how to shift all coordinate data along the x and z directions
(ztranslate
, xtranslate
). The QUEP routines access
methods that convert the horizontal sequence to a vertical one
(rotate
), procedures that add and remove additional outer segments
(expand
, shrink
), or a function that eliminates unnecessary
boundaries between identical segments (optimize
).
Finally, a SegWgStruct
can convert itself into a Circuit
(see below).
Note that, in contrast to the waveguide container, here numbers of
inner segments of less than 1 are allowed: SegWgStruct(1)
defines a zhomogeneous waveguide (with hz
not to be
accessed, used only as a means to enable the plot routines for mode
arrays). SegWgStruct(0)
is a structure with a single vertical interface, e.g. a waveguide facet.
Two SegWgStruct
constructors take one of the sets
{}, {nz
} as arguments; the waveguides and zpositions have
to be assigned individually. As an example, in the driver files
sgrat.cpp and
defcav.cpp
the structure definition as an array of pieces of waveguides is quite
intuitive. A third SegWgStruct
constructor converts a
a Circuit
object (see below) into a SegWgStruct
.
Class:
SegWgStruct
.
Relevant source files:
structure.h,
structure.cpp.
Rectangular optical circuits
In some cases the arrangement of the structural data for a scattering
problem in the particular form of sequences of waveguides appears to be rather
cumbersome. Where appropriate, Circuit
objects can be used
for a specification of the material and geometrical information.
A Circuit
as defined in structure.h,
structure.cpp combines a matrix
of refractive index values, two arrays of positions of horizontal and
vertical interfaces, and the vacuum wavelength.
Since the Circuit
s are  so far  only meant to provide an
alternative way of constructing the SegWgStruct
s, only basic
members and methods are provided:
nx 
The number of inner layers in the rectangular division. 
hx 
The xpositions of the horizontal layer interfaces,
a Dvector(nx+1) .

nz 
The number of inner slices in the rectangular division. 
hz 
The zpositions of the vertical slice interfaces,
a Dvector(nz+1) .

lambda 
The vacuum wavelength for the scattering problem.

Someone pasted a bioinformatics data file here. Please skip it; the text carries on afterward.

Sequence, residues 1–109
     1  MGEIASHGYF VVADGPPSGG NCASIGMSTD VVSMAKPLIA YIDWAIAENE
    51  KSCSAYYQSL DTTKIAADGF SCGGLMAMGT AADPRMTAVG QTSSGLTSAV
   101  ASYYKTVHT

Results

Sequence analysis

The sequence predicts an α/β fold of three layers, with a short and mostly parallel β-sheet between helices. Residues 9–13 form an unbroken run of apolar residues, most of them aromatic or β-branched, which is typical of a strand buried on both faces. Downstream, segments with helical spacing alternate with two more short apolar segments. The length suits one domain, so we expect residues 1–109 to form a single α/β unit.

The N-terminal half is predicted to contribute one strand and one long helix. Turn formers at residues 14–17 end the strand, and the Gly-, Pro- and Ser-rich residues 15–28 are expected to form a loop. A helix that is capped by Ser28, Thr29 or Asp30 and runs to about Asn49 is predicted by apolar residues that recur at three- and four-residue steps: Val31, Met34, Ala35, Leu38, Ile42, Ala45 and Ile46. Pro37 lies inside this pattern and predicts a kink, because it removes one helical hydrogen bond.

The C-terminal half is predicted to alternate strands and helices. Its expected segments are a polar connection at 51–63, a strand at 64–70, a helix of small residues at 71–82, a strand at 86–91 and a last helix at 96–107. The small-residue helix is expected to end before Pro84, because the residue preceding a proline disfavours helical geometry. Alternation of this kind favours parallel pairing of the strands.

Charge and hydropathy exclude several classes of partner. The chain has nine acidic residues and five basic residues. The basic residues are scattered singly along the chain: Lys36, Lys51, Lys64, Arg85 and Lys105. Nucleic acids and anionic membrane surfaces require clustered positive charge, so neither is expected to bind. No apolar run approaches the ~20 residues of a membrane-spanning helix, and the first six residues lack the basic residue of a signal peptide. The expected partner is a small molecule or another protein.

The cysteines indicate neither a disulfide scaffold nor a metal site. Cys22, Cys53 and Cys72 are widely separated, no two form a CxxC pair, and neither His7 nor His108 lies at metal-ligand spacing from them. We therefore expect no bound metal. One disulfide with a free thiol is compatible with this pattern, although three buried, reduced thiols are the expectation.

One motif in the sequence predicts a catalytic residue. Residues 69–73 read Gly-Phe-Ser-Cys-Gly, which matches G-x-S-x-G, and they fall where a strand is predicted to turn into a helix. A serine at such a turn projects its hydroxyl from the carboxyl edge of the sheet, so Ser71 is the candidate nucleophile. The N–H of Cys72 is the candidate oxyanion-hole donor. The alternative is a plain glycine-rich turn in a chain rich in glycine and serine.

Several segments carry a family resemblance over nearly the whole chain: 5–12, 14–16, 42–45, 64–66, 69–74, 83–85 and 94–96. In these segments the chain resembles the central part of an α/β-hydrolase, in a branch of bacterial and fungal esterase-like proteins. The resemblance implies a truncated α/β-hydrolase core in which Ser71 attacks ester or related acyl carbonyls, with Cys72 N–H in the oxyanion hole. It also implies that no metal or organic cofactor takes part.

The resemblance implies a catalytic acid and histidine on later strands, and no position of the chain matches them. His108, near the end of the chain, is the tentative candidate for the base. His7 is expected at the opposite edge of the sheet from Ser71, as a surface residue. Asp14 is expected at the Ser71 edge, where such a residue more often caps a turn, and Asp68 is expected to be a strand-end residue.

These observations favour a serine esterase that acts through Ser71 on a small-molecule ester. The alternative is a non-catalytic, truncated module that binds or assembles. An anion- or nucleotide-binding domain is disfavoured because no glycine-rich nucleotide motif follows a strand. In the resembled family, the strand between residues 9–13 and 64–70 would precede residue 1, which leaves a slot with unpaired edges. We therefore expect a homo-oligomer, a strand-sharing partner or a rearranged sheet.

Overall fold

n 
Refractive index values for the rectangular patches,
a Dmatrix(nx+2, nz+2) .

plot 
Generate a .mscript that produces a plot of the refractive index profile when executed in MATLAB; for purposes of inspecting a structure specification. See the section on visualization of structural information. 
Copying and assignment of Circuit
s is automatically implemented via
the respective methods of the member objects.
To avoid core dumps caused by access to illegal index positions, note the
following issues:
nx
and nz
are the numbers of inner layers and slices
in the decomposition. Consequently,
hx
is to de declared as a Dvector(nx+1)
,
hz
is to de declared as a Dvector(nz+1)
,
and n
is a Dmatrix(nx+2, nz+2)
.
nx
and nz
must be greater or equal than 1.
To define even simpler structures, one needs to provide additional interfaces
between regions with equal refractive indices. Examples are the
definitions of a waveguide facet in
facet.cpp,
or the simulations of beams in a homogeneous medium in
bcross.cpp,
bspread.cpp
hx
and hz
must be
in strictly ascending order, without any equal entries.
The Circuit
constructors accept one of the sets {} or
{nx
, nz
}.
Additional information (the layer positions, the refractive index matrix, and
the wavelength) must be assigned explicitly. For examples of simple
Circuit(1, 1)
structures see the driver files
corner.cpp,
tjunc.cpp,
cross.cpp, or
hole.cpp.
Larger structures,
a Circuit(17, 19)
, or a Circuit(19, 19)
, respectively,
are defined in
pcwg.cpp
or
pcbend.cpp.
Class:
Circuit
.
Relevant source files:
structure.h,
structure.cpp.